What was the health and hygienic status of the characters in Geraldine Brooks' The People of the Book? What themes are found in the book through the characters' health and hygienic statuses?

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Tamara K. H. | Middle School Teacher | (Level 3) Educator Emeritus

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The People of the Book by Geraldine Brooks is most definitely a complex and culturally rich story. The story essentially traces the creation and history of the ancient Jewish Haggadah that Hanna Heath is restoring. The book starts out being set during the Bosnian Civil War of the mid-90s, but history is traced throughout the book all the way back to the middle ages, especially focusing on Jewish persecutions. Since the book is set during a civil war of the mid-90s, but the  story carries all the way back to the middle ages, the health and hygiene of the people within the book vary greatly. For one thing, the protagonist Hanna Heath, as a proclaimed book conservationist from Australia and with family connections in Vienna, is fairly well off. However, she is brought to war-torn Sarajevo to restore the truly existing Sarajevo Haggadah. Sarajevo is comprised of Muslims, Christians, and Jews that were living peacefully until the breakout of the war. The war took a huge tole on civilians, leading to even civilian massacres, mass rape, and even ethnic genocide. Hence, we can say that the state of health and hygiene of the individuals in Sarajevo who had survived the war up to the point that Hanna arrives during a cease fire were very poor indeed. People were living in underground shelters, and many were injured. Many even died from "harsh living conditions, hunger, cold, illness or other accidents" ("Bosnian War").
 
The story progresses as Hanna investigates the clues she finds within the book pertaining to the book's history. As the book progresses, the story takes us to other locations and other tragic moments in history, such as the Holocaust initiated by the Nazis during World War II. Hanna's discovery in the pages of the Haggadah of the wing of a butterfly that can only be found in high elevations moves the story to Lola, a Jew from Sarajevo during the 1940s who joins the resistance movement against the Nazis that is forming and hiding out in the mountains surrounding Sarajevo. Again, since the story is focusing on another moment of ethnic genocide and war, the characters like Lola again suffer the health and hygiene problems characteristic of a war-torn society. Lola spends the winter hiding up in the mountains, specifically the Dinaric Alps that surround Bosnia, and the Dinaric Alps have a snowy climate during the winter. Hence, Lola survived a very cold, harsh and probably malnourished winter. Therefore, as far as Lola's character goes, she too suffered poor health and hygienic conditions. What's more all who suffered the war also suffered poor health and hygienic conditions.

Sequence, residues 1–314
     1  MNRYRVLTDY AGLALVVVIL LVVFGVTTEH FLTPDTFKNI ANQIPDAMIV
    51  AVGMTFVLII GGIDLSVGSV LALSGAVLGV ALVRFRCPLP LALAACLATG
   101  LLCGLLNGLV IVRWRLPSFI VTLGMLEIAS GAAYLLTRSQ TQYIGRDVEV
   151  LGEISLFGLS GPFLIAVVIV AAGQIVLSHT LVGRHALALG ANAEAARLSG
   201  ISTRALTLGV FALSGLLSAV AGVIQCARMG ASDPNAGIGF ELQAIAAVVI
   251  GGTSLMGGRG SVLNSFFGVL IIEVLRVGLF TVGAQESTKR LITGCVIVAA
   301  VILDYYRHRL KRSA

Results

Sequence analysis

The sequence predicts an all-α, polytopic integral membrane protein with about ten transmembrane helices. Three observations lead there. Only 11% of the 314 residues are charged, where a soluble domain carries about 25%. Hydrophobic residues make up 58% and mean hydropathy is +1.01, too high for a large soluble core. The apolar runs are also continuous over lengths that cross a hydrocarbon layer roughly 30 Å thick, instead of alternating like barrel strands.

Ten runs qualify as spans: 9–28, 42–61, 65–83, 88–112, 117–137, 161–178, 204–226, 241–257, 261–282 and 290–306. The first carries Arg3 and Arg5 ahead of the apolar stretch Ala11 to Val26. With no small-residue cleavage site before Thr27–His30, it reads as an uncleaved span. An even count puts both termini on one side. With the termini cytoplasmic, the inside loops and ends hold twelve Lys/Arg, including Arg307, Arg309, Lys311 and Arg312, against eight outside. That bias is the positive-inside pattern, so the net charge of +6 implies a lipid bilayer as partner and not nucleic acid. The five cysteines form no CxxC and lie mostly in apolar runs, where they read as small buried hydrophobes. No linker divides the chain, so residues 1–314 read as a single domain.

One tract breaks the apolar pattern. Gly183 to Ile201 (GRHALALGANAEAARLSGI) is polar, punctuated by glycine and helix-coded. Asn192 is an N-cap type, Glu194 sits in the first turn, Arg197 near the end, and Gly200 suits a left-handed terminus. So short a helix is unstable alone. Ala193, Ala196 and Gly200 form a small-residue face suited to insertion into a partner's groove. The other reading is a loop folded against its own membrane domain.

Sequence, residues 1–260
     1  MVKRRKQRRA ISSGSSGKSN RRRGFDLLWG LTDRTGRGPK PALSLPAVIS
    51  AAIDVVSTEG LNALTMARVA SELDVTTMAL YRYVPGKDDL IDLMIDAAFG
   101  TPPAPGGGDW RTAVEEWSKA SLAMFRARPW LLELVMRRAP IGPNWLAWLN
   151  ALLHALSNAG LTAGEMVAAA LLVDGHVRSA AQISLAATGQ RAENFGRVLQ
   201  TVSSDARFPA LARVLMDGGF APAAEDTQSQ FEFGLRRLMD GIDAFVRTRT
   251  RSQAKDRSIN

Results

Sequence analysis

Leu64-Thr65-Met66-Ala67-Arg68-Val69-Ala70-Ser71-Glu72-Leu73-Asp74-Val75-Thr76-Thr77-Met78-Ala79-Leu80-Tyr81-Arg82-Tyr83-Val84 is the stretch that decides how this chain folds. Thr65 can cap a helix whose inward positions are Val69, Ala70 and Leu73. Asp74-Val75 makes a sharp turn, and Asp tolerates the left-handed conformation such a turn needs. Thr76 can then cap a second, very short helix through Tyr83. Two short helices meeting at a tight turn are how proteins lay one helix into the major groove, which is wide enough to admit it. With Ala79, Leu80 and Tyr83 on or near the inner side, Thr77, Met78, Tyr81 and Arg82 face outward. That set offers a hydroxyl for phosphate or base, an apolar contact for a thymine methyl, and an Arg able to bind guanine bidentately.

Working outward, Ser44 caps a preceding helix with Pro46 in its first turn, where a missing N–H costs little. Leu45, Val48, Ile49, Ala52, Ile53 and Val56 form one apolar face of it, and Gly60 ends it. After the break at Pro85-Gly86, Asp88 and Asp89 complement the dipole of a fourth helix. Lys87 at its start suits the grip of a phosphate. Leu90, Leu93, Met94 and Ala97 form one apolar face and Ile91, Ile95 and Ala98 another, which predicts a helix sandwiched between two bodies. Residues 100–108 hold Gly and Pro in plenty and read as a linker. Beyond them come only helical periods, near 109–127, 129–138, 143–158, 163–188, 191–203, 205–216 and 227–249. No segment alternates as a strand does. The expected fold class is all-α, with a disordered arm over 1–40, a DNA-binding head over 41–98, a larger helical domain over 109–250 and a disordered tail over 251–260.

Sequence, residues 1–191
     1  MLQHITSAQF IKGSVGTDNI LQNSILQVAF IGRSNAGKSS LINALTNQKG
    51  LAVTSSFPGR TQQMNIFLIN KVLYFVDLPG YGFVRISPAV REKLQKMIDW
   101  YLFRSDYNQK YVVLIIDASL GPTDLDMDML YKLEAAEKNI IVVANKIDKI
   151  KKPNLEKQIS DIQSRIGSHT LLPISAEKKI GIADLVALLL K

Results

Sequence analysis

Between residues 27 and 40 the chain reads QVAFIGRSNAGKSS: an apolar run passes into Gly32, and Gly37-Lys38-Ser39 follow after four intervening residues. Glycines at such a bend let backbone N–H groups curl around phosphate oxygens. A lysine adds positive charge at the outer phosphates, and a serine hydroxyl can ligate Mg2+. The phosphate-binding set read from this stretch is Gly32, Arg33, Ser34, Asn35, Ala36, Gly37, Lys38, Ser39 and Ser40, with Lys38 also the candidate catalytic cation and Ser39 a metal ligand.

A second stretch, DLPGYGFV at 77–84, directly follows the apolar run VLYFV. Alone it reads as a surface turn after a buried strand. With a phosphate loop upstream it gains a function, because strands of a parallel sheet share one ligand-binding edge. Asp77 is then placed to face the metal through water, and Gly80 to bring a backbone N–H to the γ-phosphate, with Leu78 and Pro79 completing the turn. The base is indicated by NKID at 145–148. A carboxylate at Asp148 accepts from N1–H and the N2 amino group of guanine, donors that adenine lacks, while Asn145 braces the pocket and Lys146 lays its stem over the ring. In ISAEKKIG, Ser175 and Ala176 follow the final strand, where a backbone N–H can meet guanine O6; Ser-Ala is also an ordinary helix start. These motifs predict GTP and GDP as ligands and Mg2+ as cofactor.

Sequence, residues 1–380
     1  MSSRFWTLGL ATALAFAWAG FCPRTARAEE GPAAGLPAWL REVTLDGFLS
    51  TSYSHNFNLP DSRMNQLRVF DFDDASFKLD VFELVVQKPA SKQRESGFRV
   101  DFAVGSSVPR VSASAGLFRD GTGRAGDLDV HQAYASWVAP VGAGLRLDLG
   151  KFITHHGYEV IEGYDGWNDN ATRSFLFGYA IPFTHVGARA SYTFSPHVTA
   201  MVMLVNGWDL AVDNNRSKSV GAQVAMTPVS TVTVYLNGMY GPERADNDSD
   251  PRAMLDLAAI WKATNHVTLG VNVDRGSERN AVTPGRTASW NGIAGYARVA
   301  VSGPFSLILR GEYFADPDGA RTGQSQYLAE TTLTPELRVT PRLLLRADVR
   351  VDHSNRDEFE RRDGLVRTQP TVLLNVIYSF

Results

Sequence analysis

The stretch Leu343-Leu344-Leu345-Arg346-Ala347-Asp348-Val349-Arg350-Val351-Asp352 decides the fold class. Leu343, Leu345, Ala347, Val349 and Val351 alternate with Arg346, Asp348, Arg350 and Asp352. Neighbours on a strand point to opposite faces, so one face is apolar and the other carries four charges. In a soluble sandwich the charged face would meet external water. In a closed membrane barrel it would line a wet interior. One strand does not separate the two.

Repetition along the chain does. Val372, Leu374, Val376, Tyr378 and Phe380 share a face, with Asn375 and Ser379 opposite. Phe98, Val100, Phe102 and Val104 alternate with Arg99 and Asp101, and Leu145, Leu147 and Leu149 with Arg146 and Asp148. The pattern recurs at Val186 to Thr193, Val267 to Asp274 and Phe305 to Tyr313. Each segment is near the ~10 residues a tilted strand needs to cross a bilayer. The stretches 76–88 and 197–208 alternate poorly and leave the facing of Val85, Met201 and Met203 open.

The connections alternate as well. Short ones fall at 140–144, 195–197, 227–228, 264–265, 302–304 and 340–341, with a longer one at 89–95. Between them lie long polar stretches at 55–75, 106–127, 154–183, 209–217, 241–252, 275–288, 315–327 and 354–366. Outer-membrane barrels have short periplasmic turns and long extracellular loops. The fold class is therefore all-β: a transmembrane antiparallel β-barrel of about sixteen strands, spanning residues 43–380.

Another clue helps the story to regress back to Venice in 1609, the time of the Catholic Inquisition. The Catholic Inquisition was supposed to be a means for the Catholic Church to purge itself of heretics, such as the Protestants who were emerging as a result of the Protestant Reformation; however, the Inquisition led to the persecution of many religious groups that differed in belief from the Catholics, such as the Muslims and Jews, especially in Spain ("Inquisition"). In 1609, the story introduces us to a rich Jewess named Reyna de Serena who is pretending to be Catholic to avoid persecution, but now wants to escape Venice. She gives the Haggadah she owns to a rabbi to give to a Catholic priest for safe keeping. Once the Haggadah is in the priest's possession, he suddenly remembers that his own parents had been arrested for being Jewish, making him truly Jewish and masquerading as a Catholic to also escape persecution. Since he is the priest responsible for deciding what books should be burned as heretical and what should be spared, he signs his name to protect the book. Hence, since the characters are again at a moment in history in which there was tremendous upheaval and religious persecution, we again know that the characters again suffered the poor health and hygiene that are characteristic of tragic moments like these. We especially see the truth of their suffering when, as the rabbi is contemplating the beauty and value of the Haggadah, especially noting how rich someone would have to be to be able to pay for such gold and silver leafing, he next reflects on how the Jews now live like beggars all over the world, as we see in the lines:

Did they live like princes, these Jews? They must have done, to afford such an amount of gold and silver leaf ... And now, their descendants wandered destitute over the face of the earth, looking for any safe place that would allow them to lay down their heads in peace. (181)

Hence, all of the characters throughout People of the Book suffered moments of war, tragic upheaval, and religious persecution, leading to poor health and hygiene, and general suffering. By tracing the events the characters suffered through, especially noting the fact that the events revolved around war and religious persecution, we can see the common themes within the book are war, upheaval, suffering, and religious persecution, specifically the persecution the Jews have suffered throughout the ages. 

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